Multilevel Feedback Queue Scheduling and Multiple-Processor Scheduling


Multilevel Feedback Queue Scheduling

  • Multilevel feedback queue scheduling allows a process to move between queues.
  • The idea is to separate processes with different CPU-burst characteristics. If a process uses too much CPU time, it will be moved to a lower-priority queue.
  • This scheme leaves I/O-bound and interactive processes in the higher-priority queues. Similarly, a process that waits too long in a lower- priority queue may be moved to a higher-priority queue. This form of aging prevents starvation.
  • For example, consider a multilevel feedback queue scheduler with three queues, numbered from 0 to 2 (Figure ).
  • The scheduler first executes all processes in queue 0. Only when queue 0 is empty will it execute processes in queue 1.Similarly, processes in queue 2 will only be executed if queues 0 and I are empty.
  • A process that arrives for queue 1 will preempt a process in queue 2. A process in queue 1 will in turn be preempted by a process arriving for queue 0.
  • A process entering the ready queue is put in queue 0. A process in queue 0 is given a time quantum of 8 milliseconds. If it does not finish within this time, it is moved to the tail of queue 1. If queue 0 is empty, the process at the head of queue I is given a quantum of 16 milliseconds.

  • If it does not complete, it is preempted and is put into queue 2. Processes in queue 2 are run on an FCFS basis, only when queues 0 and I are empty.
  • This scheduling algorithm gives highest priority to any process with a CPU burst of 8 milliseconds or less. Such a process will quickly get the CPU, finish its CPU burst, and go off to its next I/O burst. Processes that need more than 8, but less than 24, milliseconds are also served quickly, although with lower priority than shorter processes. Long processes automatically sink to queue 2 and are served in FCFS order with any CPU cycles left over from queues 0 and 1.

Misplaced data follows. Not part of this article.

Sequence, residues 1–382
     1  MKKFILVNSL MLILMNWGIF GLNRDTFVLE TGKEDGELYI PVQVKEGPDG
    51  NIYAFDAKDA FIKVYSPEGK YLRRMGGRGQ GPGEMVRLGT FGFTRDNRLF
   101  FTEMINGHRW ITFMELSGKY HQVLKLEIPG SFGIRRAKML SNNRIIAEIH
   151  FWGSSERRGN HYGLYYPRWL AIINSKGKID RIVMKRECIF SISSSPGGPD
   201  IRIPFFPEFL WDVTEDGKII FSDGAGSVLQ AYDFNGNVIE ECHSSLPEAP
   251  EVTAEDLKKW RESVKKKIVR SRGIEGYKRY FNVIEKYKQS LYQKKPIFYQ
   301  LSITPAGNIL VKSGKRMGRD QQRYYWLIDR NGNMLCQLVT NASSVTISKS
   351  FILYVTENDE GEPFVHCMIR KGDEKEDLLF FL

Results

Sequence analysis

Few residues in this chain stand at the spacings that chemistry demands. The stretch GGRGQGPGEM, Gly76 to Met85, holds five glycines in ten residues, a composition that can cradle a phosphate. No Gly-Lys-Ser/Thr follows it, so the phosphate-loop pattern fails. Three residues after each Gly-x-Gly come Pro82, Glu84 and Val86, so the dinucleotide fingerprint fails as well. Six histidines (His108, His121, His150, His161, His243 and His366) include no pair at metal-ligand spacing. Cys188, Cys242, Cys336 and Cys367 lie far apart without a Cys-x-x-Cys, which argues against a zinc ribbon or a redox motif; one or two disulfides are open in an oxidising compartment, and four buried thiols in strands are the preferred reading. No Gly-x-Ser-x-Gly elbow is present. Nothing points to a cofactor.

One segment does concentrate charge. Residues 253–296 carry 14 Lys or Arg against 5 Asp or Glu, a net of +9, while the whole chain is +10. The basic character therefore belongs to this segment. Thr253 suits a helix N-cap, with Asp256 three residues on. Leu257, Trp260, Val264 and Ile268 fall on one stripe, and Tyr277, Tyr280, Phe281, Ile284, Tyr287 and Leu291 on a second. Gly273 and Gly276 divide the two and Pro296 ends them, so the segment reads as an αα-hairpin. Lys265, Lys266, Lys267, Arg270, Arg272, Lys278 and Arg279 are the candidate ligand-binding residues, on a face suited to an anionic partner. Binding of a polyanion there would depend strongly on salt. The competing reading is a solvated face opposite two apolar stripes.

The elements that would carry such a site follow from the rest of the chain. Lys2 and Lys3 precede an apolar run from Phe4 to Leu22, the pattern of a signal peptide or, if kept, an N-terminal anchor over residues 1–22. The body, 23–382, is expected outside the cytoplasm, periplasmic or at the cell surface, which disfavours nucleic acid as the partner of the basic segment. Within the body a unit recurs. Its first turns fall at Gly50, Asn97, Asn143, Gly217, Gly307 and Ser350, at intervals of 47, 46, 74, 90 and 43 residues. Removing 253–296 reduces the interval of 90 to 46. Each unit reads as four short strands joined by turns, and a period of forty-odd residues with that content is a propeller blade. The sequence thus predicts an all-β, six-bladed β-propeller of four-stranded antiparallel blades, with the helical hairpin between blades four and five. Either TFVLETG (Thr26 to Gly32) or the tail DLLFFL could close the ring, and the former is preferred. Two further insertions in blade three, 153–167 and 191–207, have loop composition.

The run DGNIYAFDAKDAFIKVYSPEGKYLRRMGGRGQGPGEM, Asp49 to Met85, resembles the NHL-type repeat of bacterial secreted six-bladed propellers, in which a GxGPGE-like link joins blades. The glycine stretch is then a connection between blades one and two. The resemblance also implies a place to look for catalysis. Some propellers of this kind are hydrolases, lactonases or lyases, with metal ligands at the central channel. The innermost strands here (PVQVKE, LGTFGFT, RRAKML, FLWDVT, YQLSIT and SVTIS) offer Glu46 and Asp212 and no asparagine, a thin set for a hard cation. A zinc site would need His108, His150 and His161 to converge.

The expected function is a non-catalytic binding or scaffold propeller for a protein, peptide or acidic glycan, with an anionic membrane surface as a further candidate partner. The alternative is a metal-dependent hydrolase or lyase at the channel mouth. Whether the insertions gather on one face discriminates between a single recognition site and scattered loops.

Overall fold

• In general, a multilevel feedback queue scheduler is defined by the follow ing parameters:

• The number of queues
• The scheduling algorithm for each queue
• The method used to determine when to upgrade a process to a higher- priority queue
• The method used to determine when to demote a process to a lower-priority queue
• The method used to determine which queue a process will enter when that process needs service

  • The definition of a multilevel feedback queue scheduler makes it the most general CPU scheduling algorithm.
  • It can be configured to match a specific system under design.
  • Unfortunately, it also requires some means of selecting values for all the parameters to define the best scheduler.
  • Although a multilevel feedback queue is the most general scheme, it is also the most complex.

Multiple-Processor Scheduling

  • If multiple CPUs are available, the scheduling problem is correspondingly more complex. Even within homogeneous multiprocessor, there are sometimes limitations on scheduling. Consider a system with an I/O device attached to a private bus of one processor. Processes wishing to use that device must be scheduled to run on that processor, otherwise the device would not be available.
  • If several identical processors are available, then load sharing can occur. It would be possible to provide a separate queue for each processor.
  • In this case, however, one processor could be idle, with an empty queue, while another processor was very busy.
  • To prevent this situation, we use a common ready queue. All processes go into one queue and are scheduled onto any available processor.
  • In such a scheme, one of two scheduling approaches may be used. In one approach, each processor is self-scheduling.
  • Each processor examines the common ready queue and selects a process to execute. If we have multiple processors trying to access and update a common data structure, each processor must be programmed very carefully.
  • We must ensure that two processors do not choose the same process, and that processes are not lost from the queue. The other approach avoids this problem by appointing one processor as scheduler for the other processors, thus creating a master—slave structure.
  • Some systems carry this structure one step further, by having all scheduling decisions, i/o processing, and other system activities handled by one single processor — the master server.
  • The other processors only execute user code. This asymmetric multiprocessing is far simpler than symmetric multiprocessing, because only one processor accesses the system data structures, alleviating the need for data sharing.

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